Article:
Nikon AF-S VR Nikkor 70-200mm 1:2.8G review
The Nikon 70-200m F2.8 VR is built to withstand the rigours of daily professional use, and the quality of construction is impeccable. From the super-smooth zoom and focus rings to the finely designed and engineered tripod mounting foot, everything about this lens exudes quality. Construction appears to be primarily of metal, and the lens is environmentally sealed, including a rubber gasket around the mount to prevent dust and water ingress into the camera. As is standard for this class of lens, both zooming and focusing are internal, which leads to a distinct impression of solidity to the 'one-piece' construction, and maintains the balance of the lens on the camera regardless of focal length.
In comparison to other 70-200mm F2.8 zooms, the Nikon is unusually long and slim in design, indeed unexpectedly so for a full-frame lens (especially given the fact that Nikon's engineers have had to squeeze in an optical stabilization unit). Overall it rather gives the impression that the glass is concentrated towards the front of the barrel, indeed the narrow tubular section immediately adjacent to the lens mount is purely air space (and we'll see the likely consequences of this on its optical performance in due course). Aside from that, it's quite similar in size to other lenses of this type, and potential upgraders should be aware that it is significantly larger and heavier than consumer telezooms such as the 70-300mm F4-5.6 VR. It's a serious photographic tool, but quite possibly not one you'll want to carry around all day on vacation.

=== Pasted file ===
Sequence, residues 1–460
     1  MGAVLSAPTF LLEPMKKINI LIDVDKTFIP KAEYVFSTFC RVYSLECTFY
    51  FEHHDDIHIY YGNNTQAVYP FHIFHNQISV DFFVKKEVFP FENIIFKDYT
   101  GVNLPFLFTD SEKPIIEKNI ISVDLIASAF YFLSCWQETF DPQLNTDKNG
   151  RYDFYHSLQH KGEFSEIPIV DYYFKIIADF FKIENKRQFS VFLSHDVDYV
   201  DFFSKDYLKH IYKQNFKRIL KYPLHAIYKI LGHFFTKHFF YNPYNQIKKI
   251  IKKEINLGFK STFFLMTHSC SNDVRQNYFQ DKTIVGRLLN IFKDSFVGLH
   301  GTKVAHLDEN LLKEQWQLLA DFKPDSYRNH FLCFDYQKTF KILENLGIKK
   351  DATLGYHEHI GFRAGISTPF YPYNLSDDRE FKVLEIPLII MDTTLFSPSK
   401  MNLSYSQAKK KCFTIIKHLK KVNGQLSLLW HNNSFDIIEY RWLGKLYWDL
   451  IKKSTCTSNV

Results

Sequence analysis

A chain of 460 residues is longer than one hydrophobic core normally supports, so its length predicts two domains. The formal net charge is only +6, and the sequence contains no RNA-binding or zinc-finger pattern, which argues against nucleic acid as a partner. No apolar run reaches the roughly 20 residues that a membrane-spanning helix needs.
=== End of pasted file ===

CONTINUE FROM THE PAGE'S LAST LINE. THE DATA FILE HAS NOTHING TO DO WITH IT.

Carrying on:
On the camera
This is a relatively large and heavy lens, and therefore best matched to the more substantial bodies in Nikon's range such as the D300 and D3. In comparison to other 70-200mm zooms it feels slightly unbalanced and front-heavy, such that even D300 users will likely benefit from using a vertical grip. The zoom ring falls conveniently towards the centre of gravity of the system, with the focus ring in easy reach without requiring a change in grip.
This lens features Nikon's silent-wave motor for autofocus, which performs extremely well; it's almost silent in operation, and we saw no evidence for any systematic focusing errors. We found focusing to be extremely fast and accurate in everyday use on both the D300 and D3 test bodies, however it must be noted that focus speed and accuracy is dependent upon a number of variables, including the camera body used, subject contrast, and light levels.
Lens body elements
Reported aperture vs focal length
This lens allows an aperture range from F2.8 to F22 at all focal lengths.
May 2, 2008
Apr 26, 2011
Apr 26, 2011
Apr 27, 2011
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